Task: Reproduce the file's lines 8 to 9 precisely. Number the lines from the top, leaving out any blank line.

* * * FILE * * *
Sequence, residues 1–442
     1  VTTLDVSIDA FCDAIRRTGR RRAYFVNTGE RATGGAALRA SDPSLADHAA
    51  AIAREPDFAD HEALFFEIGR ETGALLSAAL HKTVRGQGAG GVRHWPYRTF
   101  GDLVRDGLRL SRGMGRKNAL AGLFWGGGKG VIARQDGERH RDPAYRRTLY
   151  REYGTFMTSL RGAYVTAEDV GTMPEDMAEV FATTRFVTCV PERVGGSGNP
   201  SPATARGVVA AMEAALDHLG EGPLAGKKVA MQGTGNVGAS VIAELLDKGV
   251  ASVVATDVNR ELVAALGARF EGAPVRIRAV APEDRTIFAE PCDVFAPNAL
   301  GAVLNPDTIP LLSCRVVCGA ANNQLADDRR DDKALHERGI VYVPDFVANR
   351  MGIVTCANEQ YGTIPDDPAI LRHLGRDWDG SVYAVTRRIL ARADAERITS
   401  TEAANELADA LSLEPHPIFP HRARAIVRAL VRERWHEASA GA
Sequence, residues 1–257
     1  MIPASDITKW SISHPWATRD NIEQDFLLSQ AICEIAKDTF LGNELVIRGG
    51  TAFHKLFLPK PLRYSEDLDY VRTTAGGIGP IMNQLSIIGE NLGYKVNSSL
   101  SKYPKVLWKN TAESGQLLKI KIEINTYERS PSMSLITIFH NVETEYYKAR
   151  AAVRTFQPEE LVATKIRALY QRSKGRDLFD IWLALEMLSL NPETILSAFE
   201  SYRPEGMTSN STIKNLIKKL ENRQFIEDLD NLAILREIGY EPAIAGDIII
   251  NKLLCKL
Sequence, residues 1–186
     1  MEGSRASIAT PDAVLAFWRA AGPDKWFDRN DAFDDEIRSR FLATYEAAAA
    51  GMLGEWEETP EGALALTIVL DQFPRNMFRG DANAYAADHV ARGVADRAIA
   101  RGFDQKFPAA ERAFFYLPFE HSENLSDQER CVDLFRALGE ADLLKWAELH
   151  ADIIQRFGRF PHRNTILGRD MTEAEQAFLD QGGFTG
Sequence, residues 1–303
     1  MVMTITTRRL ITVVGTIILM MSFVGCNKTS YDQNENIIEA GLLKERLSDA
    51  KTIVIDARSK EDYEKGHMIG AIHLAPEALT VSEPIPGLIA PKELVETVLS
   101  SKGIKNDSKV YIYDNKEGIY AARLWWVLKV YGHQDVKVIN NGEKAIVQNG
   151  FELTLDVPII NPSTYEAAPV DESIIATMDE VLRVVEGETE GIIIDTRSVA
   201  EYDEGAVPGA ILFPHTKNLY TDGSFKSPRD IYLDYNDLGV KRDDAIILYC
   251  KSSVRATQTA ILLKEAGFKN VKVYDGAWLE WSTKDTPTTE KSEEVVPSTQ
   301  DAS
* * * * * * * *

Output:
   301  GAVLNPDTIP LLSCRVVCGA ANNQLADDRR DDKALHERGI VYVPDFVANR
   351  MGIVTCANEQ YGTIPDDPAI LRHLGRDWDG SVYAVTRRIL ARADAERITS